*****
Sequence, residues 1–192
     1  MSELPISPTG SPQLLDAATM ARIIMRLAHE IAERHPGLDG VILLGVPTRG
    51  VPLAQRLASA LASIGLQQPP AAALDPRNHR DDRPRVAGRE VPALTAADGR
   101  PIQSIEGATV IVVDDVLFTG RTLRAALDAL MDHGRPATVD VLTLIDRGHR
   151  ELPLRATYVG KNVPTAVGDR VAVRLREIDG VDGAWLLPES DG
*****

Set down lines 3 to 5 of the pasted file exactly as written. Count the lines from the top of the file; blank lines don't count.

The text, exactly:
    51  VPLAQRLASA LASIGLQQPP AAALDPRNHR DDRPRVAGRE VPALTAADGR
   101  PIQSIEGATV IVVDDVLFTG RTLRAALDAL MDHGRPATVD VLTLIDRGHR
   151  ELPLRATYVG KNVPTAVGDR VAVRLREIDG VDGAWLLPES DG